Spencer Korcz,  Heather Tomko, Riker Hill, Chase Wolfe, John Trueblood,  Jacqui Davis,  Hannah Wold, & Bruce Spigelmyer in The Mystery of Edwin Drood. Photo by Jeanne-Marie Rogers.

The Mystery of Edwin Drood

By Rupert Holmes
Directed by Joey Arena

Review by Kate Barry


Entire contents are copyright © 2017 Kate Barry. All rights reserved.

A rousing good time awaits you at the Music Hall Royale. Join a company of actors who barrel through a haphazard production of an unfinished work by Charles Dickens himself. The Alley Theater brings The Mystery of Edwin Drood to the stage with the same campy energy we’ve come to expect from the company who produced crowd favorites like Point Break Live and Evil Dead, the Musical. With audience participation, rousing song and dance, and hilarity at every turn, this play is just downright entertaining.

Under Joey Arena’s direction, this production is first and foremost a comedy with musical elements. Arena has made sure his performers are top-notch comedians who understand both Dicken’s work as well as the tongue-in-cheek parody.

What we receive as an audience is an unpolished and unruly play-within-a-play with a ragtag theater company putting on a show to the best of their abilities, and the comedic payoffs are worth it. The strongest moments arrive through sight gags and playful, scenery-chewing bits that remind us of the humanity of live performance. Actors attempt to make their production strong amidst awkward staging with tiny pianos, missing set pieces, intrusive sound cues.

The individual performances are some of the strongest I’ve seen at the Alley Theater. John Trueblood as the Chairman is delightfully engaging in his role as narrator. Trueblood effectively breaks the fourth wall in his interactions with the audience and then slips back into the action on stage with great ease. Gerald Robertson brings Snidely Whiplash-intensity to Jasper, the conniving music teacher and potential villain. Robertson and Trueblood perform the fast-paced number “Both Sides of the Coin” with great energy and tenacity.

As Edwin Drood, Jacquelyn Davis brings a beautiful soprano to “Two Kinsman,” and “Perfect Strangers.” Davis proves herself as a comedienne as she shifts from leading man to detective to fed-up diva as she storms off the stage in the second act. Many of the cast members handle dual roles with great facility. Perhaps the strongest example is Chase Wolf as an actor who only plays bit parts and is cut off from his major solo in the second act. Beth Beck, as Rosa Bud, brings some cheekiness to her two characters; one who may not deserve her squeaky-clean image, and the virginal and modest Rosa to whom Beck brings a delicious irony.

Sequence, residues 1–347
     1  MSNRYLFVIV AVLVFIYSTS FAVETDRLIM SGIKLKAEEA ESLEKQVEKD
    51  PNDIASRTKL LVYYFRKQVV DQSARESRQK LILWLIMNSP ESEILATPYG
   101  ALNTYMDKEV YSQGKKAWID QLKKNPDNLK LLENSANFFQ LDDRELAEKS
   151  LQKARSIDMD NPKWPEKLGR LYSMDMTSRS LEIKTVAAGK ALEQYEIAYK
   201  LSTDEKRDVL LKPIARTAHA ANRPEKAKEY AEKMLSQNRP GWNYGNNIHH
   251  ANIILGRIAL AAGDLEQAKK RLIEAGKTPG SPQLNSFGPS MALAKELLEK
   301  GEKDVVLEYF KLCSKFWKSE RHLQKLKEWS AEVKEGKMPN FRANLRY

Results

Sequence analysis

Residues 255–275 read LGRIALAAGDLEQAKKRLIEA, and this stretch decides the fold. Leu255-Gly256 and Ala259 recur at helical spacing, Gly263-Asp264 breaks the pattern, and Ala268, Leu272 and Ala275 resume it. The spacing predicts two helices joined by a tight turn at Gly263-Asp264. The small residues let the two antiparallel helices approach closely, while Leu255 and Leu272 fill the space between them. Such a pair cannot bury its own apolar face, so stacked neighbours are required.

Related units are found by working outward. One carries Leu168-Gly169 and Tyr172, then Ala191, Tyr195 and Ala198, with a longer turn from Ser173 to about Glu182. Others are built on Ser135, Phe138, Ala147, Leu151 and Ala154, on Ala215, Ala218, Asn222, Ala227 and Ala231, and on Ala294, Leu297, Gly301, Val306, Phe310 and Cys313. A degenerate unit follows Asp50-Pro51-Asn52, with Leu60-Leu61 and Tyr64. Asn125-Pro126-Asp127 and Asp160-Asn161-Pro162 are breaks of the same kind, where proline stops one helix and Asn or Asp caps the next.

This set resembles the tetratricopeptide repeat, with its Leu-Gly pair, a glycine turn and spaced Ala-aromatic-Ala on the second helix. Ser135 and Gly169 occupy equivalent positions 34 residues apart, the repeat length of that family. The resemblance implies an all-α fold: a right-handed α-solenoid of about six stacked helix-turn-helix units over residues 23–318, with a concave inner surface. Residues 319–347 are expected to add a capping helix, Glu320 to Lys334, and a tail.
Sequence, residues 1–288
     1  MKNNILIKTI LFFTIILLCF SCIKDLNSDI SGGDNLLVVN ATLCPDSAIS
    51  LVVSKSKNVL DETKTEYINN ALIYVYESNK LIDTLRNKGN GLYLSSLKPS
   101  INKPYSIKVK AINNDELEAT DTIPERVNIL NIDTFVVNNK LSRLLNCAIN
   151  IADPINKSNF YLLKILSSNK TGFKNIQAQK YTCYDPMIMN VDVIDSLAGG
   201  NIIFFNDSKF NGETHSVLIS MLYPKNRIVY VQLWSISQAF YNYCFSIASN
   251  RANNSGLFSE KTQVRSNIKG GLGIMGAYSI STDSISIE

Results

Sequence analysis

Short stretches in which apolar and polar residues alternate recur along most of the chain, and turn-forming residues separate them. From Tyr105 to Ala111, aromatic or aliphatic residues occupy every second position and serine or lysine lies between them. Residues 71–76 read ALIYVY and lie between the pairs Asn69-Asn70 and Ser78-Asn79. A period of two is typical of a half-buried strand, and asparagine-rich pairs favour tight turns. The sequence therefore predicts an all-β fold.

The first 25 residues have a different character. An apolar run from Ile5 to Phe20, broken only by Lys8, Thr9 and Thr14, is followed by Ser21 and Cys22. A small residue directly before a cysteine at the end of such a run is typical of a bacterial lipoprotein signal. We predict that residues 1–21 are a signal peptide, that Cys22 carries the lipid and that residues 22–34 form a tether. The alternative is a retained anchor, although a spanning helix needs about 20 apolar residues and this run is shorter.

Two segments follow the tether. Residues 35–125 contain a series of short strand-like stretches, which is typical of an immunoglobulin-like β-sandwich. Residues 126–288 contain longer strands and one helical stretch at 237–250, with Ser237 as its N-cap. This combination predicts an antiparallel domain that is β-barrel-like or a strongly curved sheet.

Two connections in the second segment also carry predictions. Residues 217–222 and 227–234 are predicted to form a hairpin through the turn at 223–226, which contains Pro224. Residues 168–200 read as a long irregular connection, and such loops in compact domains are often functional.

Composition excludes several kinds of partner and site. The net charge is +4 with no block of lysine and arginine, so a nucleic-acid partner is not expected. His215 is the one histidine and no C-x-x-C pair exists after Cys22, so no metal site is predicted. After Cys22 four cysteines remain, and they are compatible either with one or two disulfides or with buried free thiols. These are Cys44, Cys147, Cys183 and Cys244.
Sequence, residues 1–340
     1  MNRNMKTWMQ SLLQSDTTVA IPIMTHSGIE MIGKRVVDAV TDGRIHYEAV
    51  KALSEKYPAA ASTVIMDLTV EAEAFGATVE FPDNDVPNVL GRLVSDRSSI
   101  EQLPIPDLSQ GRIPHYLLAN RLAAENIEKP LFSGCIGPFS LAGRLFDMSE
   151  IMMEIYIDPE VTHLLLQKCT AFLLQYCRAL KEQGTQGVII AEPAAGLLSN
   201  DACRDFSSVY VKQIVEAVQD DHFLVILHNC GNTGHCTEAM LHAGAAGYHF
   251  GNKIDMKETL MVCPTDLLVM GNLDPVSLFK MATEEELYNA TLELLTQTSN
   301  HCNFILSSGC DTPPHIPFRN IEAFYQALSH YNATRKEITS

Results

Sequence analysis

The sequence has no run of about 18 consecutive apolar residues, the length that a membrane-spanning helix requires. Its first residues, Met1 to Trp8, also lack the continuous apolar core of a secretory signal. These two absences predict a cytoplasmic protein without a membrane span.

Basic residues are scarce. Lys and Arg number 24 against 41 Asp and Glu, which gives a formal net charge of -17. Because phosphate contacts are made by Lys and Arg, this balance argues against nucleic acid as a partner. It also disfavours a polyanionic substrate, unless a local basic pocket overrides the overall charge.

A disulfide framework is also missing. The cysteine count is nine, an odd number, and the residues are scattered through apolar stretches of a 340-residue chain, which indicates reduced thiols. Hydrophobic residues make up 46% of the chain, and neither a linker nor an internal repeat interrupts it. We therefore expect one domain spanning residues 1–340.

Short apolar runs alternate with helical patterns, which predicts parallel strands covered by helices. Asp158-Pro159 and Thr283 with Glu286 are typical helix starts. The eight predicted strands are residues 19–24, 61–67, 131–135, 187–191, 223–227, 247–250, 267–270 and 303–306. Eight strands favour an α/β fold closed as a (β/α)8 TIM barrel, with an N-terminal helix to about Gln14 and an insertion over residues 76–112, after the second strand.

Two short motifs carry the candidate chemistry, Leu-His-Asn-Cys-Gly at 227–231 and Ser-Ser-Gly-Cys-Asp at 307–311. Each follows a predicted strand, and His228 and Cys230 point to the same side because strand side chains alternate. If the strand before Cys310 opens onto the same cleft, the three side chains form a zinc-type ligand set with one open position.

The audience participation aspect involves a vote to choose who committed the murder. On Friday night Beck turned it all around when Rosa sheds her image completely and reveals her true motives.

Key players at The Alley bring their A-game to this show. Riker Hill is a country bumpkin clown with a stream of puns, wordplay, and vaudevillian flair. Spencer Korcz’s Neville provides some cheeky laughs with a dry and unwavering delivery. Pay particular attention to him during the “Off to the Races” number as well as the dinner scene in act one. Korcz provides some great moments of subtle off-beat humor. Joy Beth DeWitt returns to the Alley with a bawdy performance as Princess Puffer, mistress of the opium den with a checkered past. DeWitt lends her vocals to “Garden Path to Hell” and “The Wages of Sin” with gorgeous results.

There really is not a dull moment in The Mystery of Edwin Drood. The Alley has staged a silly and engaging show that keeps you guessing until the very end. Be sure to pay close attention and choose your suspect and crime solver carefully. No matter who killed Edwin Drood, this show is just plain fun.

The Mystery of Edwin Drood

October 5-28, 2017

The Alley Theater
633 West Main Street
Louisville, KY 40202


Kate Barry earned her Bachelors in English with a Theater minor from Bellarmine University in 2008. She has worked with many different companies around town including Kentucky Shakespeare Festival, Bunbury Theater, Louisville Repertory Company, Walden Theater, Finnigan Productions and you have probably purchased tickets from her at that little performing arts center on Main Street as well. In 2012, her short play “PlayList” won festival favorite in the Finnigan Festival of Funky Fresh Fun. She has written for LEO Weekly and TheatreLouisville.com as well. Thanks for reading!